Fettes is delighted to be one of the chosen schools to receive cherry trees as part of the Sakura Cherry Tree project that sees 6,500 Japanese cherry trees (sakura in Japanese) given to the UK by Japan to celebrate their relationship between the two nations. We are grateful to current parent, Mr Taji and the Consul General for Japan in Edinburgh, Mr Takaoka, for introducing us to this special project and selecting Fettes to take part.
“At Fettes we have always had strong ties with Japan, so we are deeply indebted to the Sakura Cherry Tree project for including us so we can celebrate together the enduring friendship between our two countries”
Helen Harrison, Head of Fettes College
“I sincerely thank you for accepting our friendship offer commemorating our two nations long established relations. Cherry blossom is in our heart and shows our gratitude for the past relationship and, at the same time, to help our mutual future flourish”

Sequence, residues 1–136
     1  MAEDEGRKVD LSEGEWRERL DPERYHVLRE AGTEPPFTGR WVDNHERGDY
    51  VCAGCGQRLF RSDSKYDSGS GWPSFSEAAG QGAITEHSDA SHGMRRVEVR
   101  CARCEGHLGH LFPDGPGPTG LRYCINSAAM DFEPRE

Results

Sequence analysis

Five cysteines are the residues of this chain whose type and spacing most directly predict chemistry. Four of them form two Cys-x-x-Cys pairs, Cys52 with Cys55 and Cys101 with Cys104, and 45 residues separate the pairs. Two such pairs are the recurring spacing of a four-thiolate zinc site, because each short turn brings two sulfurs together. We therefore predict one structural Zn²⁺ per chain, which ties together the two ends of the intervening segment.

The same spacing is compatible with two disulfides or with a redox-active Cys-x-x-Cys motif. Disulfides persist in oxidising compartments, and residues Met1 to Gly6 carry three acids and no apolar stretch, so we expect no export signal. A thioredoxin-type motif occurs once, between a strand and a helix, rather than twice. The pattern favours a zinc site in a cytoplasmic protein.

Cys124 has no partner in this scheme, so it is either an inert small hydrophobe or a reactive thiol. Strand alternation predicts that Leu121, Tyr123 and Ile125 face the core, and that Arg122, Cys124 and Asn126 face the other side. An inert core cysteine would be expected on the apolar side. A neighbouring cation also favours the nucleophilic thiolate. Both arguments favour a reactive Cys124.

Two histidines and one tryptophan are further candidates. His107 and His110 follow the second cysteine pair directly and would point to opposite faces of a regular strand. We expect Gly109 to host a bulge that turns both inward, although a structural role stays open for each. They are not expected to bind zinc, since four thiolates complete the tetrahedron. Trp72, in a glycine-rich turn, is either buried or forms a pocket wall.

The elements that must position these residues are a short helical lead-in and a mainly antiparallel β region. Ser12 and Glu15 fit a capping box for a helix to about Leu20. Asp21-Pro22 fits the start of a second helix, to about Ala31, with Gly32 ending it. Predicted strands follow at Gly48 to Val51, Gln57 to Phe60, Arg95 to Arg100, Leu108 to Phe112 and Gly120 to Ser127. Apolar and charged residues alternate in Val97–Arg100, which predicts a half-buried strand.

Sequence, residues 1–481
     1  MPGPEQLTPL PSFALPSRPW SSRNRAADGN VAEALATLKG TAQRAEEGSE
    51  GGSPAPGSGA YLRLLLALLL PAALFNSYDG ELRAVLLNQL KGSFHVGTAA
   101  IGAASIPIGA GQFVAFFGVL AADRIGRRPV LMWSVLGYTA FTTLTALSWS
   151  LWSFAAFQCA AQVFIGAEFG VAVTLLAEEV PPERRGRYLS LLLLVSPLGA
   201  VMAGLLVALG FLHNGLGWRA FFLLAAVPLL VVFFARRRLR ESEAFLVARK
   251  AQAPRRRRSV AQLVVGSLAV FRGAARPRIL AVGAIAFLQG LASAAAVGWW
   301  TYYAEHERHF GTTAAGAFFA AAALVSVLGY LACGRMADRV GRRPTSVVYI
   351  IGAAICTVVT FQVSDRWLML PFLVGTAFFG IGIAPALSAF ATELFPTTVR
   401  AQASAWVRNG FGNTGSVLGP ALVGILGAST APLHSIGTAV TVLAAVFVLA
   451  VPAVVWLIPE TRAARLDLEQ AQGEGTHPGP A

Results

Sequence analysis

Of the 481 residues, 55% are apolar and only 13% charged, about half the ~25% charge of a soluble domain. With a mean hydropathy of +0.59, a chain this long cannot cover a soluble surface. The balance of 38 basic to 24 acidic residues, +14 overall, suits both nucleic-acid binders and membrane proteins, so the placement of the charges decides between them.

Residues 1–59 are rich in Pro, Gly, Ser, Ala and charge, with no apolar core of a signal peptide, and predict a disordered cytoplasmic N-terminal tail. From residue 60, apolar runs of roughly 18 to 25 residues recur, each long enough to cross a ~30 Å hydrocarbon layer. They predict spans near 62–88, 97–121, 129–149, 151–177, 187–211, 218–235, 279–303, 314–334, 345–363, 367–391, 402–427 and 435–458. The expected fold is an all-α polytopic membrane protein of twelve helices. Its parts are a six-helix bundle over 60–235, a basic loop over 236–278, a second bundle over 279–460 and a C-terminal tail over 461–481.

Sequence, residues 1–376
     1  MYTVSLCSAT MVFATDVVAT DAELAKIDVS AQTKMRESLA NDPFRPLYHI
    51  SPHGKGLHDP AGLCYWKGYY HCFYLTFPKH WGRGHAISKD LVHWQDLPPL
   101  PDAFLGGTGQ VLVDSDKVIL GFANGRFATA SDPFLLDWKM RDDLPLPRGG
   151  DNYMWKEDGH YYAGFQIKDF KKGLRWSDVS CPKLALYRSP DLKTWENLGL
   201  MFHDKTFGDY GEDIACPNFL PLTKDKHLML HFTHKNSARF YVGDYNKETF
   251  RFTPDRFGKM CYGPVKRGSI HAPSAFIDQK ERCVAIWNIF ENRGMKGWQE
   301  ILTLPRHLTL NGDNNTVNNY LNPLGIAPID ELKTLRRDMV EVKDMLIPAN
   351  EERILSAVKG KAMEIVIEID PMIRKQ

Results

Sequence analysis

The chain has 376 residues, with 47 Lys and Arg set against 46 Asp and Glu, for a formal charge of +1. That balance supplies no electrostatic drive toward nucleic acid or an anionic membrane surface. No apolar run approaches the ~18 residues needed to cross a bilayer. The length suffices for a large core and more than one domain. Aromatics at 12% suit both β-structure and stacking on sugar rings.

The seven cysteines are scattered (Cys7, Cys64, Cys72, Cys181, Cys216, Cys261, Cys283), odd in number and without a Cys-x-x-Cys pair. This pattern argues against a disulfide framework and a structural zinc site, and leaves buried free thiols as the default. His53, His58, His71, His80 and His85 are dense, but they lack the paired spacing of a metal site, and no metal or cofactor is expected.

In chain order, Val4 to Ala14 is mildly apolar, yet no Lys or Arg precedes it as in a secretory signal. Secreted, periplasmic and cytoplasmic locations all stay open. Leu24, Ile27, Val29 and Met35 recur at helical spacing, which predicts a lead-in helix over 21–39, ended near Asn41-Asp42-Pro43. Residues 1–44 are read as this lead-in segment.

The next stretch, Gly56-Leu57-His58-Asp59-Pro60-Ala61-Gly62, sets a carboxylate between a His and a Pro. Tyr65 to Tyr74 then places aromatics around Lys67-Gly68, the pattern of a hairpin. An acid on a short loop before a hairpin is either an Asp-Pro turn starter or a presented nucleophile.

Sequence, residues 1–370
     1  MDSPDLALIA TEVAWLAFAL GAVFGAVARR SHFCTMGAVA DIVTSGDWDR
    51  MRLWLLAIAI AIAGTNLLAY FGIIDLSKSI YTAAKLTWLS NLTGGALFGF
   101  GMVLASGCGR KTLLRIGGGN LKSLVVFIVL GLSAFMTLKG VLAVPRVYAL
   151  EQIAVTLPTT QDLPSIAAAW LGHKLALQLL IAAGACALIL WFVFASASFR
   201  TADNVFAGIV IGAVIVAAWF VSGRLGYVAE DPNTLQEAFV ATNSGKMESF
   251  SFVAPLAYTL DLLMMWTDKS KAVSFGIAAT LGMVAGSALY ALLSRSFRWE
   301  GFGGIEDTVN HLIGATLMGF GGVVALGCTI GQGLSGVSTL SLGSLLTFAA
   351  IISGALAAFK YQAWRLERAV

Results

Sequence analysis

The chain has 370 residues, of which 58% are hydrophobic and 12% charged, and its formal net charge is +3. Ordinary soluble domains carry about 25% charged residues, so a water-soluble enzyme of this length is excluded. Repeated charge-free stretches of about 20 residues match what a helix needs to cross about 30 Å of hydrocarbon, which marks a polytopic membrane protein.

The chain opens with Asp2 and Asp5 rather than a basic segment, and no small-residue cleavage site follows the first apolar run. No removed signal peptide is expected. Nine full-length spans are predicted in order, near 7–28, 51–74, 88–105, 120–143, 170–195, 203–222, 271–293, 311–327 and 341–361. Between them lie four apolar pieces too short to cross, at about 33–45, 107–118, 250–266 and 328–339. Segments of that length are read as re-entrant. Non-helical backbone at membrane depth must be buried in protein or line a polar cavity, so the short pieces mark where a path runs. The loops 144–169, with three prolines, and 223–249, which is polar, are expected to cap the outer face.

Keisaku Sandy Sano, Founder and Joint Chairman of the Sakura Cherry Tree Project Team
Fettes’ connection with Japan dates back to 1885 when an Old Fettesian wrote about his 10 month trip to Japan including this beautiful quote written about his travels along the Kiso-gawa “The woods with their various shades of green mingling with the wild cherry and the plum blossom, the pink azaleas and white flowering-shrubs, and the bright-coloured maples, some of the leaves being a deep crimson, were most charming”. We also have records of Old Fettesians leaving the UK to working in Japan in both shipping and journalism in the early 1900’s and our earliest pupils who were based in Japan came in the 1960s. Today, the links with Japan continue with a thriving Old Fettesian network in Japan and Japanese students, based in both Japan and Scotland studying with us.
“As a Japanese person living in Edinburgh, it is wonderful news that Fettes accepted the offer. I hope all Fettesian can enjoy the Sakura, cherry blossom corridor every spring for many years to come.”
Takashi Taji, current parent
We look forward to the Spring when the beautiful variety of beni-yutaka will start to bloom and thrive for up to 100 years. When we are able to have visitors on to campus we will host a formal ceremony to mark the arrival of the trees and give thanks to those who have made this project possible.